Legendary investor Charlie Munger died Tuesday November 28th at the age of 99, leaving an indelible investing legacy crafted over decades alongside friend and Berkshire Hathaway leader Warren Buffett (BRK-A, BRK-B).
Munger was instrumental in shifting Buffett from lower-quality "cigar butt" stocks to premium businesses bought at fair prices, explains Jonathan Boyar of Boyar Value Group. Boyar credits Munger's influence as the catalyst for much of Berkshire's success, inspiring "a whole generation of investors," though he believes such performance is "never gonna be replicated again."
Interactive Brokers strategist Steven Sosnick says while Munger's exact style of value investing looks harder to execute presently given growth stock dominance, opportunities remain. In current markets, Sosnick suggests that investors look for growth stocks that exhibit value stock characteristics, such as Apple (APPL).
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- Jonathan, let me start with you. A lot of focus on how Munger and Buffett invest, looking for attractive valuations on stocks. Can their approach be replicated right now?
JONATHAN BOYAR: Can their approach be replicated? Yeah it can be. But what differentiates it and is a great quote, Buffett once said that if he had just listened to Ben Graham and not Charlie, he'd be a lot poorer. And Charlie was an important teacher to Warren in the fact that he told him to invest in high quality companies at fair prices instead of doing the cigar butt type of investing that he was doing before. So that was a huge influence on Buffett's and Berkshire's investment success.
- Jonathan has-- did Charlie Margaret change your life? Is that why you got into this business?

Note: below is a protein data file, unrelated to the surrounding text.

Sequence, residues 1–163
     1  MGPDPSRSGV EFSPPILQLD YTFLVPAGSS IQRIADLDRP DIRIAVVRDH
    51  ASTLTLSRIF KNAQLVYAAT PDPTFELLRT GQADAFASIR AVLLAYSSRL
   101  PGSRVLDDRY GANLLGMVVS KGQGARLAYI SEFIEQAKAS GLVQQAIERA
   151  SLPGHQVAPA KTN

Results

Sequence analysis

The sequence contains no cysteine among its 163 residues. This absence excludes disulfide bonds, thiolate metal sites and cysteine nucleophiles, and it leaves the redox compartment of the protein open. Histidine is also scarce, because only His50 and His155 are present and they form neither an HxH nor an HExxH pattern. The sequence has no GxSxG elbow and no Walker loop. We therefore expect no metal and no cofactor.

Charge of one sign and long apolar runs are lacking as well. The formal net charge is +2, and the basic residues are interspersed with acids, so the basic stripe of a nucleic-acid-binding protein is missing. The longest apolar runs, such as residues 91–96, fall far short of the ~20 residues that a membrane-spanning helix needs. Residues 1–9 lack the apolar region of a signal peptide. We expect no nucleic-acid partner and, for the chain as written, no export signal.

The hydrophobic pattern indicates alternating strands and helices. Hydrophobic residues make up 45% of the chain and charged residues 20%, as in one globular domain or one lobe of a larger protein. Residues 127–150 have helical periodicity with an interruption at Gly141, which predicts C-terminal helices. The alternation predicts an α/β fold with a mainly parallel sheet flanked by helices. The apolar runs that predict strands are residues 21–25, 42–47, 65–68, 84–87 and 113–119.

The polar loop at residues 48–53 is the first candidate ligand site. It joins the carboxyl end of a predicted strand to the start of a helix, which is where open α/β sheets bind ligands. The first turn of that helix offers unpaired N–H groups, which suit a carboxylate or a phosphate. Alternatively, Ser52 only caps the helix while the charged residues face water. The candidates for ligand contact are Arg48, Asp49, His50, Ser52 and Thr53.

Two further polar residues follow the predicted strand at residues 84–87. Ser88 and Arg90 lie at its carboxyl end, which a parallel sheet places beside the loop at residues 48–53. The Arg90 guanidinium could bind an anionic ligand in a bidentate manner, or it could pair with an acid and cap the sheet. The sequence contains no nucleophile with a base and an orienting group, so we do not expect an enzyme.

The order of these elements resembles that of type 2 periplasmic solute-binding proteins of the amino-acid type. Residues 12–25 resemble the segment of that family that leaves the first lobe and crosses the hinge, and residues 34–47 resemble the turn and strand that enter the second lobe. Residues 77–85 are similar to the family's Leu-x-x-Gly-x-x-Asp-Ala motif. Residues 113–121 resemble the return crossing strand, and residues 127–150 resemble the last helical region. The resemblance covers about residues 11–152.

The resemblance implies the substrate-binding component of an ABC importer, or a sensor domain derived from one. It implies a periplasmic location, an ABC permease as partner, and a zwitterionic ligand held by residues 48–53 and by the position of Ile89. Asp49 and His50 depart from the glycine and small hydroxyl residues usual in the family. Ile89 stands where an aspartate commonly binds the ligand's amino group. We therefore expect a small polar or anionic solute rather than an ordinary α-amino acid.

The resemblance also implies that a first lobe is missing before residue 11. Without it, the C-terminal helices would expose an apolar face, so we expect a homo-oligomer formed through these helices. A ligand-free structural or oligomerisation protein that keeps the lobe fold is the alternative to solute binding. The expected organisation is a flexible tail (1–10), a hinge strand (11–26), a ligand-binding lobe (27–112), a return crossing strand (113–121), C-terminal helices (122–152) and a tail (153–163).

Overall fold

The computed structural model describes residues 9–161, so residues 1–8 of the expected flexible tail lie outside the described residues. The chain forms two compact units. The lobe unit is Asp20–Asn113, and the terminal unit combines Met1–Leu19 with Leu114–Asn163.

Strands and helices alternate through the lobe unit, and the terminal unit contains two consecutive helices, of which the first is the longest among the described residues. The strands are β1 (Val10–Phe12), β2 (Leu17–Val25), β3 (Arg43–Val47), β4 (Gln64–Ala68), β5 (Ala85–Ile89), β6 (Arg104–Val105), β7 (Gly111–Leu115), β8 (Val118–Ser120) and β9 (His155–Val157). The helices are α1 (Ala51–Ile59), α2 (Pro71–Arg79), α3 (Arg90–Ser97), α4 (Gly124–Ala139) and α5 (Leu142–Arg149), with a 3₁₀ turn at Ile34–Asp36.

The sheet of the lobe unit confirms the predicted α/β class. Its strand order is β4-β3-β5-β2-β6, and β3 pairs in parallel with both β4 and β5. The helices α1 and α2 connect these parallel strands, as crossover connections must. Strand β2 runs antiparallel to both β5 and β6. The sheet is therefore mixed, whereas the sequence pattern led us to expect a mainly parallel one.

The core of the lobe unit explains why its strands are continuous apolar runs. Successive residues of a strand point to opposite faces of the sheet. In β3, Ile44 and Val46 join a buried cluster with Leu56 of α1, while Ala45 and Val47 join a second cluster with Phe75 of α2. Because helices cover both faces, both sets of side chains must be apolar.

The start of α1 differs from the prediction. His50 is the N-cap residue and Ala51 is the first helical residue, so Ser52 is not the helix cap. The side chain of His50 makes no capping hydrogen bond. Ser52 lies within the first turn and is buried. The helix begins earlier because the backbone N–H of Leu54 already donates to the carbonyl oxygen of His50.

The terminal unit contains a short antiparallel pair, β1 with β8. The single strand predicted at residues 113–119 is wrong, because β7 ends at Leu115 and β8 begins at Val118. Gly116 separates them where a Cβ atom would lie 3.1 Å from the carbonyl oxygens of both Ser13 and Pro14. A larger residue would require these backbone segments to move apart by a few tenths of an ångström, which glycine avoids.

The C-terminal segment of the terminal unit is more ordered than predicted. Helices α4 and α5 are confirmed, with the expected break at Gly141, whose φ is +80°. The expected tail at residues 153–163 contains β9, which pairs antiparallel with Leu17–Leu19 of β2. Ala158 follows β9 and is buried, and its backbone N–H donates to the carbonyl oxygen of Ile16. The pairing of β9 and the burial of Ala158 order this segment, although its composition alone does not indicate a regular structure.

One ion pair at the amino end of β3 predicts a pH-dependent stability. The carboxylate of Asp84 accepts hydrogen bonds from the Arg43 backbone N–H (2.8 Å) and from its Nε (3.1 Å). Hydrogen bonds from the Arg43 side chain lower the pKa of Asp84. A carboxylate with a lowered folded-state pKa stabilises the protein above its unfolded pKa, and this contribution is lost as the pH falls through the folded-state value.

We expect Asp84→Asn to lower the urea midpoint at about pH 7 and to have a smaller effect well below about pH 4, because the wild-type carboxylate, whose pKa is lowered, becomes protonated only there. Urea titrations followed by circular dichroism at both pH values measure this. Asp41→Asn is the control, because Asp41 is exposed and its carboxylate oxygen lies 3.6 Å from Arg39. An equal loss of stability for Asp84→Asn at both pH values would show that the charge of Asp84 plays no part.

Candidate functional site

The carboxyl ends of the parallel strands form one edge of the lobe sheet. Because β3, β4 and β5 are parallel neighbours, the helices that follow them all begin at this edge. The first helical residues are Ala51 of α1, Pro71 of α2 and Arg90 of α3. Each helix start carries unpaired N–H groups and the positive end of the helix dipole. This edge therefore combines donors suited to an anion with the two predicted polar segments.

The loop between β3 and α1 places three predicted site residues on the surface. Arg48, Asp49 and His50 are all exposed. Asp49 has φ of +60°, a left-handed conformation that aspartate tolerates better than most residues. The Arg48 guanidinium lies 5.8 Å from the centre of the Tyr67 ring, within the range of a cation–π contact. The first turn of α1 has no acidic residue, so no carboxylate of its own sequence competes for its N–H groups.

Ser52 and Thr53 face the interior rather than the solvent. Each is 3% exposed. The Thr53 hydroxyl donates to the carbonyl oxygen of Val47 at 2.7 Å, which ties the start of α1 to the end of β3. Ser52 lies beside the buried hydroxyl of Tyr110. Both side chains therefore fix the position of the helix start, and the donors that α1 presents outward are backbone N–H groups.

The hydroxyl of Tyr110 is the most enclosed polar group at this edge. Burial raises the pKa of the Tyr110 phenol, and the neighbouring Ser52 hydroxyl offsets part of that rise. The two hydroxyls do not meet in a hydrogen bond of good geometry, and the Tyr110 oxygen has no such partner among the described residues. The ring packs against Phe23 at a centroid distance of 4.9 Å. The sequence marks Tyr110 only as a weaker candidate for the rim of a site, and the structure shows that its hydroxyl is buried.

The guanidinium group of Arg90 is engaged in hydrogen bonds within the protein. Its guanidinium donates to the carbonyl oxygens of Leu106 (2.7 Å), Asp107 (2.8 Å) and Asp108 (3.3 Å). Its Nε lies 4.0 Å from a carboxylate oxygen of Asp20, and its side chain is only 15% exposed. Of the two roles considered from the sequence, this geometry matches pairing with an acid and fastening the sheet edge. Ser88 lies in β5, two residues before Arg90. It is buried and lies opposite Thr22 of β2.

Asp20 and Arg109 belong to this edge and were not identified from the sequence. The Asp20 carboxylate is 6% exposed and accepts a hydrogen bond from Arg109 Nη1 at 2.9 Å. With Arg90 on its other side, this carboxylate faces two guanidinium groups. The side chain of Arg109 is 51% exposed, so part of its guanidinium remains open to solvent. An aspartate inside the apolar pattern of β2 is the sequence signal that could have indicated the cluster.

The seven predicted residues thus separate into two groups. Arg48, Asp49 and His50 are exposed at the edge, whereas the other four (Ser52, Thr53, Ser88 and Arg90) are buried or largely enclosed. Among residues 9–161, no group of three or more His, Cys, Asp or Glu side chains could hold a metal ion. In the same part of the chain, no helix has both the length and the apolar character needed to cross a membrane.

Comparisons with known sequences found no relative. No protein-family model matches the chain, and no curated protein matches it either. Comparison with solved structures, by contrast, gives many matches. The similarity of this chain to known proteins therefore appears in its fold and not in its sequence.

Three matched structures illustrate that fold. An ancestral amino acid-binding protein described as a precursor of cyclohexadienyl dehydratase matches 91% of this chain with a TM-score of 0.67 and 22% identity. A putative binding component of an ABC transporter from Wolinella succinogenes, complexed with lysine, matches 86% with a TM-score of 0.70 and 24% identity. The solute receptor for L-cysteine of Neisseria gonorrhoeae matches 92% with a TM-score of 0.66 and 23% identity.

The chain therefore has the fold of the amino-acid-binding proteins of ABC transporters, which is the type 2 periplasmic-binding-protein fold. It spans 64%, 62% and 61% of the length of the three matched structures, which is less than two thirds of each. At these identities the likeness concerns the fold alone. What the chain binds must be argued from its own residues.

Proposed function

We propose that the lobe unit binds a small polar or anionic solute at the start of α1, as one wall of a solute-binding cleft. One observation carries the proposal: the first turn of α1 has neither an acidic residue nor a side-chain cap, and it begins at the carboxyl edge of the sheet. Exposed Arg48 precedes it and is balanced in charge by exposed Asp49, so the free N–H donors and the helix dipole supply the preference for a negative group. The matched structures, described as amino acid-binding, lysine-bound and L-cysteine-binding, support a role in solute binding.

JONATHAN BOYAR: I mean, there's a lot of different reasons why I got into business. But Berkshire Hathaway was an inspiration. I mean, he-- what they built was fantastic, and it's never going to be replicated again. And he was kind enough to write and publicly speak about all of his wisdom and share it with people. And that's something that I'm grateful for. And he inspired a whole generation of investors.
- At the same time, I got to say, Steve, bring bringing you into this, there are a lot of value investors out there, but it's not what's, sort of, trendy right now for sure, right. Like growth stocks have been outperforming pretty consistently. So how should we think about that then. The legacy of value investing when growth is so dominant.
- Well here's the key, Julie. One of their biggest investments is Apple. Which is a growth stock, but it's actually, I think actually morphing to a value stock in front of our eyes, but it's still priced like a growth stock. So you've got both aspects of it.
You know BYD was a value stock that-- was a growth stock that he bought at value prices. You know I think-- so that's really to me in many ways, the key is finding the opportunities where these are-- where there are value growth stocks being priced like value stocks. And Munger specifically was terrific at that alongside Warren Buffett.
Remember also I always appreciate the Mr. Inside guy. You know, somebody who spent most of his career sort of Mr. Inside, I like that he was Mr. Inside to Warren Buffett's outside and, sort of, the guy who could propose things to him without fear of conflict or the guy who could say no to him, which there weren't probably many people who could say no to Warren Buffett.
- Jonathan, let me go back to you Charlie Munger, of course, not here. Passed away. But Warren Buffett once he leaves, for whatever reason, is there another group of investing legends that you look to. The reality is these two folks have trained generations of human beings on how to invest. Who takes that mantle now?
JONATHAN BOYAR: No one. They are in a class by themselves. They not only were great investors in buying pieces of paper, they bought entire companies and businesses and put them together and their legacy is going to be this company that's built to last for generations. But there's no one investor who's going to take the Charlie Munger or a Warren Buffett have that level of influence. It's you know we lost a legend.